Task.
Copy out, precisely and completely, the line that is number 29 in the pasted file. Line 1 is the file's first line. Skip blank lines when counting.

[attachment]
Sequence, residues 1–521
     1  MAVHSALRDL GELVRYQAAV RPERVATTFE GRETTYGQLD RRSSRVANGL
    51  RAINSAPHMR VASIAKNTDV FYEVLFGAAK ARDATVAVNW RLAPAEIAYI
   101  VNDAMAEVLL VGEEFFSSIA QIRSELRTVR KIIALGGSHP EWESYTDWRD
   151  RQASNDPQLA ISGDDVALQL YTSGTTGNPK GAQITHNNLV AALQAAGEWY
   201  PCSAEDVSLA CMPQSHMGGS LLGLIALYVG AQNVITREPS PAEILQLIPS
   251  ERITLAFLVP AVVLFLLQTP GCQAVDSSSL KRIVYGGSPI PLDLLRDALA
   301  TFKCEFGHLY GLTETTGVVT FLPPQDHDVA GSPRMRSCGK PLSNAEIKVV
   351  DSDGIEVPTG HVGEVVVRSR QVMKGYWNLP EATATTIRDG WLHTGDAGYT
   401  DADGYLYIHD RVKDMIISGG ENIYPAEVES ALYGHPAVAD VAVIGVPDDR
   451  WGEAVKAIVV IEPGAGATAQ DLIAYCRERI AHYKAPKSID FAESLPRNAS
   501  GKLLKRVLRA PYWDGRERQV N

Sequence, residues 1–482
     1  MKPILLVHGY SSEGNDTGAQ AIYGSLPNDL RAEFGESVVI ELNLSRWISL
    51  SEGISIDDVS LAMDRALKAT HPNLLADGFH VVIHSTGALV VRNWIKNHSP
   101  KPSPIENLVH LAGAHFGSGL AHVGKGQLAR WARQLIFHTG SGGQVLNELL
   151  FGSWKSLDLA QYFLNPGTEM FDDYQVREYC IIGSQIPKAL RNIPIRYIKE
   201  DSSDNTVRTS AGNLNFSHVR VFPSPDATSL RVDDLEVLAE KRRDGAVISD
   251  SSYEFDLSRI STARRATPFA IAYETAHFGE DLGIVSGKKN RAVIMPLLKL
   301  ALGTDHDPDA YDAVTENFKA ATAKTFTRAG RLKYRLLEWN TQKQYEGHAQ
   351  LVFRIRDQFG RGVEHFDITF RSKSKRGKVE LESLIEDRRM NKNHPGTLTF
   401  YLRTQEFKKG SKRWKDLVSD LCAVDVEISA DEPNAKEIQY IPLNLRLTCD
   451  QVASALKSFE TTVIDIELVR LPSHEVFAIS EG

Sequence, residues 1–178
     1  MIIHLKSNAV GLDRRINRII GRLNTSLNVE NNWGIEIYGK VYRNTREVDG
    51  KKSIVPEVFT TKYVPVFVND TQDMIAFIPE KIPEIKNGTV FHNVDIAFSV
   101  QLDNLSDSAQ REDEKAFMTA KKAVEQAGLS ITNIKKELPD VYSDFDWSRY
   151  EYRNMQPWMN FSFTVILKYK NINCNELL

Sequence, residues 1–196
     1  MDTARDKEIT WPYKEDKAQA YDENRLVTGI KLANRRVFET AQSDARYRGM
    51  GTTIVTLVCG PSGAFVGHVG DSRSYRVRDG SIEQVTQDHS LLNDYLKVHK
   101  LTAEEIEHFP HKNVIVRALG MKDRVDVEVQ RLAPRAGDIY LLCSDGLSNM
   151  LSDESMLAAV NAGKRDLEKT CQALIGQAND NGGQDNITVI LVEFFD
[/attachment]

Sequence, residues 1–196